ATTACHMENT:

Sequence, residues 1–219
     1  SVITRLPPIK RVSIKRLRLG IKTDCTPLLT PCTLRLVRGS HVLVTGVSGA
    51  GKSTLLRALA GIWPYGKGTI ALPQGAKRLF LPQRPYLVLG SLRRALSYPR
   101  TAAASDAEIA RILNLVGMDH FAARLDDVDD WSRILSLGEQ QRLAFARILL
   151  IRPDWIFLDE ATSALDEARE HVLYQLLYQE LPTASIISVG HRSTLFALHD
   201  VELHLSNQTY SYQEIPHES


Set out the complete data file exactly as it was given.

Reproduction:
Sequence, residues 1–219
     1  SVITRLPPIK RVSIKRLRLG IKTDCTPLLT PCTLRLVRGS HVLVTGVSGA
    51  GKSTLLRALA GIWPYGKGTI ALPQGAKRLF LPQRPYLVLG SLRRALSYPR
   101  TAAASDAEIA RILNLVGMDH FAARLDDVDD WSRILSLGEQ QRLAFARILL
   151  IRPDWIFLDE ATSALDEARE HVLYQLLYQE LPTASIISVG HRSTLFALHD
   201  VELHLSNQTY SYQEIPHES